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Ari Aster’s Midsommar is a true thriller

There are spoilers in this review. This movie is for mature/ adult audiences.
Photo Credit: Photo via A24 under Creative Commons Licence
Pictured is the official movie poster for Midsommar, which was released in July of 2019. It perfectly harnesses Florence Pugh’s raw emotion in the film. When watching the movie, look closely for Easter Eggs in the backgrounds which foreshadow events.

With Halloween right around the corner, it’s only right to talk about one of the folk movie industry’s most gut-wrenching films: Midsommar. Producer Ari Aster’s 2019 folk horror film kept watchers on their toes until its closing credits.

Midsommar synopsis

The movie begins with a very ornate tapestry that will be imperative to the progression of the film. Then, the action starts with the main character, Dani. Her sister had killed herself and Dani’s parents, leading Dani to go into a deep depression.

Her relationship with her boyfriend Christian was already going south, and this puts even more of a strain on it. Christian reluctantly decides to bring Dani on his trip to Sweden with his friends. One of the people in the group, Pelle, is native to Sweden. He coerces the group to visit his home “village” in a secluded forest.

Upon arrival, Dani and the group take hallucinogenic drugs for the duration of the trip. This causes their sense of reality to be skewed. It is ultimately revealed to the characters that this “village” is a cult after they watch a ritual in which the elders jump from a cliff, killing themselves.

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Each of the group’s original members begin to disappear one by one until only Christian and Dani remain. However, after winning May Queen in the village, Dani fully succumbs to the cult and their ideals. However, Christian is so disoriented from the drugs given to him that he gets forced to participate in a sex ritual of the cult. Eventually, Dani is the only original member of the group remaining. The movie ends with her as the cult’s new leader.

Hidden meanings

Aster incorporates Easter eggs in Midsommar that essentially say what’s going to happen for the rest of the movie. For example, the tapestry shown at the very opening of the film shows every single thing that’s going to take place for the rest of the movie.

It shows the group entering the village, the elders jumping from the cliff, the deaths of everyone in the group, and even Dani being crowned May Queen. During the May Queen scene, look in the bushes in the back to find a tree version of Dani’s sister with the tube in her mouth. Another example, the final scene of the movie ends with Dani flashing a sinister smile. The sun in this tapestry is smiling in the exact same way Dani is at the end of the film.

There are other hidden images throughout the movie. There are other tapestries hanging up in the homes of the characters that further depict scenes in the movie. For example, there is a picture of a little girl and a bear in Dani’s apartment and a tapestry of a bear in the guests’ house in Sweden. This foreshadows Christian’s death later in the film. There are so many other details in the film for viewers to spot.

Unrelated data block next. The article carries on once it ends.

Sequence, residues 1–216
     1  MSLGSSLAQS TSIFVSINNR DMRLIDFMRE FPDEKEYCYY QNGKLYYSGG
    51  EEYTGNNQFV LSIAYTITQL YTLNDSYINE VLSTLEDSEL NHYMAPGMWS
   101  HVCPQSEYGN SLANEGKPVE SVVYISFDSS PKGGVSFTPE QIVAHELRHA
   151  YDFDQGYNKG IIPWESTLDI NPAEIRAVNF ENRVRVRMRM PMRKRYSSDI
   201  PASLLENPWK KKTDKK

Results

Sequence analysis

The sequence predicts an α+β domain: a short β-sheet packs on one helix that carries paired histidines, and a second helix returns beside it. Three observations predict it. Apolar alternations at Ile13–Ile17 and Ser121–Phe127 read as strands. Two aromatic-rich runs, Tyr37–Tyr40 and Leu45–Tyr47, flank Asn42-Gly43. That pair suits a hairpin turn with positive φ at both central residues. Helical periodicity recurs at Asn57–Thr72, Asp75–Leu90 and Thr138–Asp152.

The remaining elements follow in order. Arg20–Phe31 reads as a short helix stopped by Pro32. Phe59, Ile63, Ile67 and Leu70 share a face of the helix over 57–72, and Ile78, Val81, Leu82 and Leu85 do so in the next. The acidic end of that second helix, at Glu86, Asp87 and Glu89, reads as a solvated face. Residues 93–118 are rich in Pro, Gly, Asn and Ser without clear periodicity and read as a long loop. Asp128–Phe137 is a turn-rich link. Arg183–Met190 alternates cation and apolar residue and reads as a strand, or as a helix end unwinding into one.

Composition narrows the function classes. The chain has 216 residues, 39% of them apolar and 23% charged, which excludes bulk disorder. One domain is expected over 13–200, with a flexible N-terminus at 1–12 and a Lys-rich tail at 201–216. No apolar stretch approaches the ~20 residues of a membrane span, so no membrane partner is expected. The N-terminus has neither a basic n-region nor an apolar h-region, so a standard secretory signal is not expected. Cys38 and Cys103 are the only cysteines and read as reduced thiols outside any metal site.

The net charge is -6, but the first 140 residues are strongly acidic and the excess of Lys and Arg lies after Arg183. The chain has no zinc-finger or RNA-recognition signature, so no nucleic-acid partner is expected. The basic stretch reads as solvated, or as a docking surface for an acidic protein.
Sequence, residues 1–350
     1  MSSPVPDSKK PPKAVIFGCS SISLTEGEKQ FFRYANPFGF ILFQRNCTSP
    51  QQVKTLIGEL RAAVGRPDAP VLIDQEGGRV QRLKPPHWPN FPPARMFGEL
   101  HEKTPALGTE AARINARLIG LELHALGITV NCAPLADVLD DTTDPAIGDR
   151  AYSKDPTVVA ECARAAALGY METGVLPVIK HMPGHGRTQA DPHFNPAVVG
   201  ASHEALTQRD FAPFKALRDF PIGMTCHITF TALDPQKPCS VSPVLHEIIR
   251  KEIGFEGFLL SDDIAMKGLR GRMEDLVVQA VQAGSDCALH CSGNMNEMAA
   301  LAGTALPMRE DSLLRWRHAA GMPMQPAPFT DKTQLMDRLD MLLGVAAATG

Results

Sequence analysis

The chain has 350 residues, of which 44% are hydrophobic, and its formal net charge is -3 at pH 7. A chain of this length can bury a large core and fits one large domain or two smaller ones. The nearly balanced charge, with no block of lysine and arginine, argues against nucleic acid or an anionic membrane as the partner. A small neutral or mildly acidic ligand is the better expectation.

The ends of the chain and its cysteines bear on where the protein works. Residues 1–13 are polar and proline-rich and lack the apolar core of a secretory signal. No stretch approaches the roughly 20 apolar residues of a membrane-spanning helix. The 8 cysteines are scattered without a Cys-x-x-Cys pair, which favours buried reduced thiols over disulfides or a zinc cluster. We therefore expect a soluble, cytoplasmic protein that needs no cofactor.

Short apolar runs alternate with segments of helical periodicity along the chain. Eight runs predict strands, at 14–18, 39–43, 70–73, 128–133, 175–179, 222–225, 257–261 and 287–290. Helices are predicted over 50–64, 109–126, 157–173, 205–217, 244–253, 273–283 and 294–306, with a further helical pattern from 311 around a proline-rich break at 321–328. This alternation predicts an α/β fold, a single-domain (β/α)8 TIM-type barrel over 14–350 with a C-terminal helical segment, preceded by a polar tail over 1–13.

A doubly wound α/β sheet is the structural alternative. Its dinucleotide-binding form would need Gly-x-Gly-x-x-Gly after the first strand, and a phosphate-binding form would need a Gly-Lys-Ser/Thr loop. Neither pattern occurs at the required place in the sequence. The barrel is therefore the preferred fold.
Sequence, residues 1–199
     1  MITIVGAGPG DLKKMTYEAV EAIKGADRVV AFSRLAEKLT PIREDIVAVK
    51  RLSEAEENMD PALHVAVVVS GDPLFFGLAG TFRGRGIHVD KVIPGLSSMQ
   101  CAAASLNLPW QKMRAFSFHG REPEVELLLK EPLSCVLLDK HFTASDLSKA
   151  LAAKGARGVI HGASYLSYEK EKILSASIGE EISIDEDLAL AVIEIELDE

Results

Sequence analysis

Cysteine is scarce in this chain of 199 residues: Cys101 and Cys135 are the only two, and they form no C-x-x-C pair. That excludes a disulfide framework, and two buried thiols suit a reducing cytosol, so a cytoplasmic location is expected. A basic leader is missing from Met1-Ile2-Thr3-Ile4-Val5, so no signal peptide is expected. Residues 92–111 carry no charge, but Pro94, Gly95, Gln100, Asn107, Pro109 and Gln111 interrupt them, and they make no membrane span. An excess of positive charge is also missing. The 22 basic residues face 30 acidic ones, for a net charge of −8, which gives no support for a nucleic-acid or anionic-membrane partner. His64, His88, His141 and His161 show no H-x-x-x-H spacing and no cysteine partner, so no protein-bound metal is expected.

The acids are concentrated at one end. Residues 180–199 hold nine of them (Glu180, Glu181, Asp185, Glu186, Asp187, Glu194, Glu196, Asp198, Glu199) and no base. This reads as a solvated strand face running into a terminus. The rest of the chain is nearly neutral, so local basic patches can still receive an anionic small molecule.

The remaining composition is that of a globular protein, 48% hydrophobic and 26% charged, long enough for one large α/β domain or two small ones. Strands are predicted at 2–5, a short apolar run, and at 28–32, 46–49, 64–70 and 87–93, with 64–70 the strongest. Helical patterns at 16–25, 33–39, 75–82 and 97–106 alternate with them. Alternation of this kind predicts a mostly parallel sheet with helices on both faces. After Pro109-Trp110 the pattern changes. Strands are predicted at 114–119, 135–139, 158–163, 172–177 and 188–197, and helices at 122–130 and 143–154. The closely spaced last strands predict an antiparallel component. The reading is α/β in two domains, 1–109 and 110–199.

Psychology in Midsommar

The psychological aspect of Midsommar must be up for discussion. We see from the beginning that Dani is mentally unstable after the deaths in her family. This may leave her feeling alone and essentially abandoned. Her boyfriend didn’t offer her much support either after their deaths. Leaving her feeling unwanted, this may have been why she was so susceptible to the cult and embraced their ideals so easily.

This film also messes with the minds of the viewers as well. The use of dark colors in the beginning signifies that the movie is off to a negative beginning. However, the use of vibrant colors in the village makes viewers believe that things will get better for Dani. The visuals in the movie are often misleading. The plants in the background move and change shape while the group is under the influence of drugs. This simulates the feelings of hallucinogens to the viewers.


Florence Pugh starred in this film as the main character, Dani. She put on a great performance, showing raw emotions from beginning to end. By the film’s end, we are fully convinced that she is converted to the ways of the cult. Aster deserves commendation as well. He messes with the minds of his viewers constantly in this psychological masterpiece. His attention to detail is impeccable. Some of his tactics are so unorthodox to viewers that it leaves them on the edges of their seats.

In terms of the movie, Midsommar won several awards including Best Original Score for the Ivor Novello Awards, and the Virtuoso Award at the Santa Barbara International Film Festival.

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About the Contributor
Dylan DaCunha
Dylan DaCunha, Editor-in-Chief
Dylan DaCunha is a senior at Colonia High School. She has enjoyed writing all her life, going all the way back to elementary school. She plays softball and has big aspirations to play in college, which is what fuels her passion for writing about sports. She’s an avid baseball fan which doesn’t hurt either. Not only does she play softball at CHS, but she’s an active member in multiple honor societies including Quill & Scroll Media Honor Society. She loves maintaining good grades in order to participate in these activities. Outside of school, she enjoys being with her friends as well as watching movies and listening to music. She plans on traveling the world someday and taking in as much as she can. Her favorite quote, by singer Harry Styles, is “If you’re happy doing what you’re doing nobody can tell you you’re not successful.”   

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Ari Aster’s Midsommar is a true thriller